Pick Your Tile: Playful Patchwork

Photo by Andrew McCaul

White, blue, and green 1-inch squares alternate for a carefree cottage look. Spectrum Fresh Square Glass Mosaic Wall Tile, $6.95 per sq. ft.; The Home Depot

Pick Your Tile: Woven Beauty

Photo by Andrew McCaul

Interlocking gray mosaics in a matte finish have the textured look of basketry. Verre Collection in Parisian Vintage, $19 per sq. ft.; Hudson Tile Supply

Pick Your Tile: Mini Subways

Photo by Andrew McCaul

This scaled-down classic gets its oomph from a trio of cool blues. Color Wave Brick-Joint Mosaic in Winter Blues, $30 per sq. ft.; Daltile

Pick Your Tile: Say Spa

Photo by Andrew McCaul

Pale-green wedge shapes in a brushed finish create a serene effect. Waveline Mini in Stratos, $30 per sq. ft.; Island Stone

Pick Your Tile: Perky Penny Rounds

Photo by Andrew McCaul

Clear and opaque glass circles alternate, both in vivid yellow. Mata Hari Penny Round Glass Tiles in Yellow, $23 per sq. ft.; TileBar

Pick Your Tile: Graphic Grid

Photo by Andrew McCaul

Tile triangles in five soft hues have a random repeat. Groove Glass Mosaic in Vogue, $41 per sq. ft.; Crossville

Pick Your Tile: Blue Mood

Photo by Andrew McCaul

Still a favorite—small squares in a deep-blue hue. Cobalt Glass Mosaic Square Indoor/Outdoor Wall Tile, $10 per sq. ft.; Lowe's

Pick Your Tile: Sleek Chevron

Photo by Andrew McCaul

Three shades of gray zigzag for instant visual impact. Pleasantville Glass Mosaic Wall Tile, $14 per sq. ft.; The Home Depot

Pick Your Tile: Linear Look

Photo by Andrew McCaul

Cleanly stacked rectangles in a soft blue. Color Wave Straight-Joint Mosaic in Blue Lagoon, $36 per sq. ft.; Daltile

Pick Your Tile: Making Waves

Photo by Andrew McCaul

Slanted squares in four watery hues seem to undulate. Crystal Springs Collection in Illusion Stream, $12 per sq. ft.; Hudson Tile Supply

Pick Your Tile: Go Mod

Photo by Andrew McCaul

Sinuous shapes lend retro-modern charm. Pisces Collection in Stingray, $38 per sq. ft.; Bellavita Tile

Pick Your Tile: Metallic Effect

Photo by Andrew McCaul

A coppery marbleized vein imparts shimmery shine. Vineyard Glass Mosaic Wall Tile, $4.99 per sq. ft.; The Home Depot

Pick Your Tile: 3-D Effect

Photo by Andrew McCaul

Luminous “woven” white glass adds texture to walls. Curve Super White Glass Tile, $25 per sq. ft.; TileBar

Pick Your Tile: Spring Green

Photo by Andrew McCaul

A vibrant choice for any kitchen—indoors or out. Glassique Glass Mosaic Square Indoor/Outdoor Wall Tile in Pear, $7.82 per sq. ft.; Lowe's

Pick Your Tile: So Crafty

Photo by Andrew McCaul

Irregular shapes in a frosted finish appear hand-cut. Artifact Collection in Spring, $30 per sq. ft.; Island Stone

Pick Your Tile: Touch of Texture

Photo by Andrew McCaul

Some tiles with a pebbled surface lend tactile appeal. Tessera Meridian Cirrus Glass Mosaic Wall Tile, $14 per sq. ft.; The Home Depot

Pick Your Tile: Faux Stone

Photo by Andrew McCaul

Subtle variations mimic limestone. Uptown Glass in Matte Frost Moka, $23 per sq. ft.; Daltile

Mixed Materials

Photo by Andrew McCaul

Glass partners well with other natural surfaces, particularly stone and ceramic, to yield beautiful and sometimes surprising results. Recognizing this, manufacturers are doing the mixing for you with varied materials combined in a single mosaic sheet. All the pieces should be of the same thickness; if a delicate material is used, like metal or mother of pearl, it is often applied as a veneer to a ceramic base.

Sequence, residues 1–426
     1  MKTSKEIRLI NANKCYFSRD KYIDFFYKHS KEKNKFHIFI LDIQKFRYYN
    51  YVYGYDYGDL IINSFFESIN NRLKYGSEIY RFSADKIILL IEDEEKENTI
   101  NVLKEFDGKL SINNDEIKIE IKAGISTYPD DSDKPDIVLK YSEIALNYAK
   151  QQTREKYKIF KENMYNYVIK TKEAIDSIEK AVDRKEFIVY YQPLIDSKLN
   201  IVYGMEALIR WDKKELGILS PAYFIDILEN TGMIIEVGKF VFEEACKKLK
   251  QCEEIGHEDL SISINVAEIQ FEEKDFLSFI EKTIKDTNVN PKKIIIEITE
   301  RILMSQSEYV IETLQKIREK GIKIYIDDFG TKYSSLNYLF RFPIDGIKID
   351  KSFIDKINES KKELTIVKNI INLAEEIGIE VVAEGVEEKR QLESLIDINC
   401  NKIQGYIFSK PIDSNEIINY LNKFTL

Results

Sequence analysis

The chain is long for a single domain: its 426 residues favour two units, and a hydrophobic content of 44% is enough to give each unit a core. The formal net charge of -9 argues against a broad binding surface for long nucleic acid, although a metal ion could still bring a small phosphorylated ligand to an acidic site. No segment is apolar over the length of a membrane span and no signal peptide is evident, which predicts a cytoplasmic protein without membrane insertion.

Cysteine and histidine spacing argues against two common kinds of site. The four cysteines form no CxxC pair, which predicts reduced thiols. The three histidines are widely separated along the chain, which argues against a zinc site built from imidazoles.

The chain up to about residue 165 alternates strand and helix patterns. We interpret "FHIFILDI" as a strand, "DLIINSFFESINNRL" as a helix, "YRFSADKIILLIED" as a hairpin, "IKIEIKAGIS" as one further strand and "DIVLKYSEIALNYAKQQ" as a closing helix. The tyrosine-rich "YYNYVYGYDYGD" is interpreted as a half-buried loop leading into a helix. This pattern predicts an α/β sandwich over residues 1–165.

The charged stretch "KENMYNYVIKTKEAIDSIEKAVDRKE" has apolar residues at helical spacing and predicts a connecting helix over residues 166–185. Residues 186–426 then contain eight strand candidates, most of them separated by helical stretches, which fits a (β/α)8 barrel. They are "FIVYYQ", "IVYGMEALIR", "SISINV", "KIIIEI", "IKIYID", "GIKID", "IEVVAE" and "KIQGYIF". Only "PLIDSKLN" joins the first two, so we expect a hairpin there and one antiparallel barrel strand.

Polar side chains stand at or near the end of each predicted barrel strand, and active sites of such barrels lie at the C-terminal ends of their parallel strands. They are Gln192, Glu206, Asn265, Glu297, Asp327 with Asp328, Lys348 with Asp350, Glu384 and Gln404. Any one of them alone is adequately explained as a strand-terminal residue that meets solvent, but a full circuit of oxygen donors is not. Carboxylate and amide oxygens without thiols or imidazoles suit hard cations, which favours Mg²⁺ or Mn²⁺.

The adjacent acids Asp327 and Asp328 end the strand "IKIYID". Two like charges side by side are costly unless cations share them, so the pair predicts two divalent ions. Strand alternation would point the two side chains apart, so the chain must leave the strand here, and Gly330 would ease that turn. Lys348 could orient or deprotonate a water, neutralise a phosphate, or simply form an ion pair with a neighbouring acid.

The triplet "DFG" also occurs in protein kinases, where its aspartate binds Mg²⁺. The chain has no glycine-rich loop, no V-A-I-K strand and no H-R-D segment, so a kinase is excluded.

Shown, from left: Netherlands Collection in District Dark, $30 per sq. ft.; Hudson Tile Supply. Verdi Slate Glass Mosaic, $14 per sq. ft.; Lowe's. Oasis in Chestnut, $20 per sq. ft.; Bellavita Tile for dealers

What About Custom?

Photo by Ray Kachatorian

In search of a one-of-a-kind pattern or color? You’re in luck. Some companies will create unique combinations from their product offering with a computer program. If you want to match a color swatch, ask your local tile store whether any of its suppliers will do this. Many manufacturers will produce special colors for a minimum order of 600 square feet at no extra charge, as long as no rare mineral, like gold, is required to get the hue. Texture may also be customizable if you select from the palette of choices available in their tile lines. Allow up to 12 weeks for review, approval, manufacturing, and delivery.

Shown: This custom gradient effect is designed with a computer. From $65 per sq. ft.; Oceanside Glass Tile for dealers

On Grout

Courtesy of Posh Interiors

It bonds tiles together and seals out water. It also affects the finished look of your mosaic.

What to use: A relative newcomer, urethane grout is an ideal match for glass mosaics. It combines the superior water and stain resistance, color retention, and flexibility of epoxy grout with the longer working time and sandy matte look of traditional cementitious grout. It comes premixed, with synthetic polymers that won’t scratch glass, and never requires sealing. It is pricier, at about $60 per 9-lb. pail, but should be virtually maintenance-free.

White or color? Because it’s reflective, glass picks up the colors of the materials near it, including grout. If you want to highlight a mosaic shape, opt for a contrasting grout color. For a blended look, match tile and grout. Know, however, that small glass mosaic tiles can shift while being installed, even when held together with mesh, and contrasting grout may make any spacing irregularities more obvious.